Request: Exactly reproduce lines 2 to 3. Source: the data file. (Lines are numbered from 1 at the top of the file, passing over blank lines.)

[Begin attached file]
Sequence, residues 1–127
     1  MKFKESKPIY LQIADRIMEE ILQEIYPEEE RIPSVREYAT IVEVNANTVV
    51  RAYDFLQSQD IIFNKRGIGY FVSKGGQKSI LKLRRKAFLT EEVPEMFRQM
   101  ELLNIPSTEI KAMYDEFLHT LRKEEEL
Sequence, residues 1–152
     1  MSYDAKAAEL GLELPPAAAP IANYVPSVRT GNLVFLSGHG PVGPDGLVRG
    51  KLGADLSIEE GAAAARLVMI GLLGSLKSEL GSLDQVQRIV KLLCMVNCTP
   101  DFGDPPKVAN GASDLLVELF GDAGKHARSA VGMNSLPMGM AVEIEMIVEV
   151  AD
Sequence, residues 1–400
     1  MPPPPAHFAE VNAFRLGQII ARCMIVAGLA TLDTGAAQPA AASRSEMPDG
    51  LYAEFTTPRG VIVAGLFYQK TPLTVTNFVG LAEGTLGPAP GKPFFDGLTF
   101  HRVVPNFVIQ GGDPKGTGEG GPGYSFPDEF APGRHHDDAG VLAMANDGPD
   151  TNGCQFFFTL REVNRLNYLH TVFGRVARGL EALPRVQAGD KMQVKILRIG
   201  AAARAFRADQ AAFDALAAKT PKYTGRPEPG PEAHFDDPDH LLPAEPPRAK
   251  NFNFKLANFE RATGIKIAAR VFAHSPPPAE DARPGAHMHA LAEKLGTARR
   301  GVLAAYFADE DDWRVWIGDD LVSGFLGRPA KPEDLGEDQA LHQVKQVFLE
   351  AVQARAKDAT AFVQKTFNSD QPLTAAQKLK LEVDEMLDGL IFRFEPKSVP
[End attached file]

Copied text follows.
     1  MKFKESKPIY LQIADRIMEE ILQEIYPEEE RIPSVREYAT IVEVNANTVV
    51  RAYDFLQSQD IIFNKRGIGY FVSKGGQKSI LKLRRKAFLT EEVPEMFRQM